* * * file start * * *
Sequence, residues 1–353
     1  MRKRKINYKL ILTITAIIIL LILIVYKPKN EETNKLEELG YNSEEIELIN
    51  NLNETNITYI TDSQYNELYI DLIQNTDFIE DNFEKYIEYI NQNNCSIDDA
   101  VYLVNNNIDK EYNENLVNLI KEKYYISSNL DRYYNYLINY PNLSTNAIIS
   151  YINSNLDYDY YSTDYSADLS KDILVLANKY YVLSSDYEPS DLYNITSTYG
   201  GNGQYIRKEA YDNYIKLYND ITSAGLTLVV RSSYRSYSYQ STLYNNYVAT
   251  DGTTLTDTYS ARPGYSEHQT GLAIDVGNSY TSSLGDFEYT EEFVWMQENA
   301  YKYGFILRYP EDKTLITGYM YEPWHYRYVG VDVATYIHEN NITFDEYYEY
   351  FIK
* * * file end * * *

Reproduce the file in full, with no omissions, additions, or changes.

Sequence, residues 1–353
     1  MRKRKINYKL ILTITAIIIL LILIVYKPKN EETNKLEELG YNSEEIELIN
    51  NLNETNITYI TDSQYNELYI DLIQNTDFIE DNFEKYIEYI NQNNCSIDDA
   101  VYLVNNNIDK EYNENLVNLI KEKYYISSNL DRYYNYLINY PNLSTNAIIS
   151  YINSNLDYDY YSTDYSADLS KDILVLANKY YVLSSDYEPS DLYNITSTYG
   201  GNGQYIRKEA YDNYIKLYND ITSAGLTLVV RSSYRSYSYQ STLYNNYVAT
   251  DGTTLTDTYS ARPGYSEHQT GLAIDVGNSY TSSLGDFEYT EEFVWMQENA
   301  YKYGFILRYP EDKTLITGYM YEPWHYRYVG VDVATYIHEN NITFDEYYEY
   351  FIK